Main article: Public transport bus service


A local transit bus in Canberra, Australia
Public transport forms the major use of buses and coaches, designed for the transport of the general public as a public service, rather than the private hire or use of buses for transport or other purposes. The use and design of public transport buses varies around the world, and utilises the entire range of bus designs and capacities. The design of buses and coaches is often specialised to a particular type of service. Buses may operated fixed routes, or be used as flexible services. Public buses can be organised in large fleets or as small concerns, and be publicly or privately owned and operated.
The transit bus is the predominant design of public bus, which features specific features to allow use as a public transport vehicle. Transit buses have utilitarian fittings designed for efficient movement of large numbers of people, and often have multiple doors. A dual purpose bus is a transit bus fitted with coach style higher backed more comfortable seats, used on longer distance routes where standing passengers are not likely to be present. Specially adapted mobility buses may be used on specialist services for the transport of passengers with mobility issues (See Accessibility section).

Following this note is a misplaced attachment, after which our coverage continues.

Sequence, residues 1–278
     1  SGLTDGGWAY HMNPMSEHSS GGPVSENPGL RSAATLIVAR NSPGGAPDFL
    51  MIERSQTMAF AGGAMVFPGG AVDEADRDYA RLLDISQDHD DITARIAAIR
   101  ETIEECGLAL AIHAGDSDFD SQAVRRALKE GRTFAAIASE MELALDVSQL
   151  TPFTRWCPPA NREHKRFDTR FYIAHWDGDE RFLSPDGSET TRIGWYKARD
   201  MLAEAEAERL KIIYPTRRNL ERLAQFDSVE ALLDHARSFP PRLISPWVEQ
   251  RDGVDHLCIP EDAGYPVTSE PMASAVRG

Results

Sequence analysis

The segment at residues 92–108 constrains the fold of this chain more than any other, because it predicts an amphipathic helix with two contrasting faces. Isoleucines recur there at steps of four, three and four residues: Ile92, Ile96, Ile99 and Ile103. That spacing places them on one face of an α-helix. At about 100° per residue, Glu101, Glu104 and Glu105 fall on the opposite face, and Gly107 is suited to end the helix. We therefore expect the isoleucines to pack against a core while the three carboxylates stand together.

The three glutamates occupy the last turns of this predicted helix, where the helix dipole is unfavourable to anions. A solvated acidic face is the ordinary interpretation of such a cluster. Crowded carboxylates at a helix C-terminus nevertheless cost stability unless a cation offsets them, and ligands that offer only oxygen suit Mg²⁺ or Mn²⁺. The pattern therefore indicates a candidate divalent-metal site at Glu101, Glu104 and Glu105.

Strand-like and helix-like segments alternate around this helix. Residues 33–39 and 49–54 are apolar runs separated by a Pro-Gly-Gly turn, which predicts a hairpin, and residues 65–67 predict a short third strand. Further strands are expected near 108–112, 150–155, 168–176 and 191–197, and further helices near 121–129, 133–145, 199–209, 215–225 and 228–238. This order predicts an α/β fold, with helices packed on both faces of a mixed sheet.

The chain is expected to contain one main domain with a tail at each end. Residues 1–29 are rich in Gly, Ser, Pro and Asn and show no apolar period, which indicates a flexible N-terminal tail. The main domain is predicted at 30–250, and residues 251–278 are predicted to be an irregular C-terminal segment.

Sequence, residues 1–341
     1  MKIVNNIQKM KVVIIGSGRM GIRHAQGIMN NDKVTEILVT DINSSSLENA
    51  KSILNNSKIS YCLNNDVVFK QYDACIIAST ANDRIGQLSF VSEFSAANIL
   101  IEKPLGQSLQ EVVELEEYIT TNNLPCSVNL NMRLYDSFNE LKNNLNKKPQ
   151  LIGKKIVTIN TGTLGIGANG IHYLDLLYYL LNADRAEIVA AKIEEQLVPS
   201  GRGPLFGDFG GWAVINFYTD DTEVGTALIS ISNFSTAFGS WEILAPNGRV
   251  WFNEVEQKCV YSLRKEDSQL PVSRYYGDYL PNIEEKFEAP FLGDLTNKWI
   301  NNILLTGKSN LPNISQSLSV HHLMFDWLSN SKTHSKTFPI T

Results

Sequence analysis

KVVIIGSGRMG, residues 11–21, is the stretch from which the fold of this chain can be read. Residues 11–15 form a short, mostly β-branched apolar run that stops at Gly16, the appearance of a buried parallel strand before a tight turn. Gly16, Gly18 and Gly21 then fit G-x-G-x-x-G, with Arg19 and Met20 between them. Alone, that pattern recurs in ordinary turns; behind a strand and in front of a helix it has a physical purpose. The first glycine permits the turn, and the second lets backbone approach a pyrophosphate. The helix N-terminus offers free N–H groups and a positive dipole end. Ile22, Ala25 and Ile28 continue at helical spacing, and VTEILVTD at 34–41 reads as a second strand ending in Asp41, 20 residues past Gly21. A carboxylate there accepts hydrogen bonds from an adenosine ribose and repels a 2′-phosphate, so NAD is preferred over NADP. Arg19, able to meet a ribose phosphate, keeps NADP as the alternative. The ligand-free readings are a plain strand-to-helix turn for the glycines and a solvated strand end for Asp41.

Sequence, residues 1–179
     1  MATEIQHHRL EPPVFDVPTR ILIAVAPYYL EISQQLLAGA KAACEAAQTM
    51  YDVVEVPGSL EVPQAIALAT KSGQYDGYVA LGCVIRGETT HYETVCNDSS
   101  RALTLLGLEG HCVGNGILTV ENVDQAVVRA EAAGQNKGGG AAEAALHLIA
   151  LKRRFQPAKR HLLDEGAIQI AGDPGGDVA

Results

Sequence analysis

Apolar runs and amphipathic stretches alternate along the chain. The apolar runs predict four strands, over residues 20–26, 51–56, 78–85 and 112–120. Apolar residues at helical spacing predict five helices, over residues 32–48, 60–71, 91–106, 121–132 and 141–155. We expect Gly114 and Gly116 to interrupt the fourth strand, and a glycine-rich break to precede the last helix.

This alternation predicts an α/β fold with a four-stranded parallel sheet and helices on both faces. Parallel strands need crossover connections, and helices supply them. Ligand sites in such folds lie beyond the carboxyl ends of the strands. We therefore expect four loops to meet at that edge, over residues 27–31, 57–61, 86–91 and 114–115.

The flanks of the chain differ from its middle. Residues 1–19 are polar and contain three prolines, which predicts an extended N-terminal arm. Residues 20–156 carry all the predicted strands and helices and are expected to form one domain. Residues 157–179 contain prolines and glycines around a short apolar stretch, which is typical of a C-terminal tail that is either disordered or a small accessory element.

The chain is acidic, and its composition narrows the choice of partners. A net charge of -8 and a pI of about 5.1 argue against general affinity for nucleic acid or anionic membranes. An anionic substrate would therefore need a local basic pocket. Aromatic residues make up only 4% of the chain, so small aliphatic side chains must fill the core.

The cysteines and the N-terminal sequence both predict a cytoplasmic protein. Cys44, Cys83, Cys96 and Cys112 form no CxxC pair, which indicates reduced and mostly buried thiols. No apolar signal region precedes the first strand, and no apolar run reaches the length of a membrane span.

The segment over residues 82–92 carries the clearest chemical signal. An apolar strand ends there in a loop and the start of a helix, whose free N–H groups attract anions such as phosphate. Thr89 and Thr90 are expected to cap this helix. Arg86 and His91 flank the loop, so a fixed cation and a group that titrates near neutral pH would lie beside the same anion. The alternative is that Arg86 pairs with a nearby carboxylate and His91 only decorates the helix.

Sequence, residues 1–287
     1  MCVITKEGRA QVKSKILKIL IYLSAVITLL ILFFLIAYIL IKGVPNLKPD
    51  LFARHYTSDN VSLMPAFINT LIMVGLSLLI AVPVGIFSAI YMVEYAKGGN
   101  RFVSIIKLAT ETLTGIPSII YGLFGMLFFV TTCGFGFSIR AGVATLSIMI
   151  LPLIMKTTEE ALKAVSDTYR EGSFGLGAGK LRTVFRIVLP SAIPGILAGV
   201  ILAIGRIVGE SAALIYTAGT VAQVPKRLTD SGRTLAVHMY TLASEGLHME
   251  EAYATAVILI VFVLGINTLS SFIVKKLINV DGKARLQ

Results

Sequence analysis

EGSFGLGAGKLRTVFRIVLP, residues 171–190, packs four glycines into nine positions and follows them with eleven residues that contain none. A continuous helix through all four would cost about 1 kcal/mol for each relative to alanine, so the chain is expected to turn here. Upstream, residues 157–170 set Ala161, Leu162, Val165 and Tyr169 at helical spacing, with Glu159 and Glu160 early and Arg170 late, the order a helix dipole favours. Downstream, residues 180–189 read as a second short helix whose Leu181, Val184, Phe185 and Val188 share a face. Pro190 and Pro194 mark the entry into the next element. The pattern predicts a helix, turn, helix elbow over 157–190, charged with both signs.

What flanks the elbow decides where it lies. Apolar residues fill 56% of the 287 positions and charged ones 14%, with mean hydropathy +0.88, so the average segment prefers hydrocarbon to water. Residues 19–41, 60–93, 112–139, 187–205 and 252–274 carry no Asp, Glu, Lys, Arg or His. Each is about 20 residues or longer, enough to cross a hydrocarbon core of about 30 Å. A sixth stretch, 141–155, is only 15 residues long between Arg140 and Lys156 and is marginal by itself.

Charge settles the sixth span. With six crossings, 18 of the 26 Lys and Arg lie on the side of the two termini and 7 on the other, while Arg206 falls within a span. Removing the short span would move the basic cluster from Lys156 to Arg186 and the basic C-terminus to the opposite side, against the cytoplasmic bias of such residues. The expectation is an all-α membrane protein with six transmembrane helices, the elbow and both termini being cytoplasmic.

Bi-articulated bus in Curitiba, Brazil.
High capacity bus rapid transit (BRT) services may use the bi-articulated bus, an extension of the articulated bus concept with two trailer sections. BRT schemes (and other uses) may also use tram style buses, which certain bus manufacturers have tried to emulate the tram with modified articulated bus designs, with features such as a ‘pilot’ style driving position and streamlined styling, for example the Wright StreetCar and the Irisbus Civis. Guided buses are fitted with technology to allow them to run in designated guideways, allowing the controlled alignment at bus stops and less space taken up by guided lanes than conventional roads or bus lanes. Guidance can be mechanical, optical or electromagnetic. Guidance is often, but not exclusively, employed as part of a BRT scheme. Extensions of the guided technology include the Guided Light Transit and Translohr systems, although these are more often termed 'rubber tyred trams' as they have limited or no mobility away from their guideways



Schools
Main article: School bus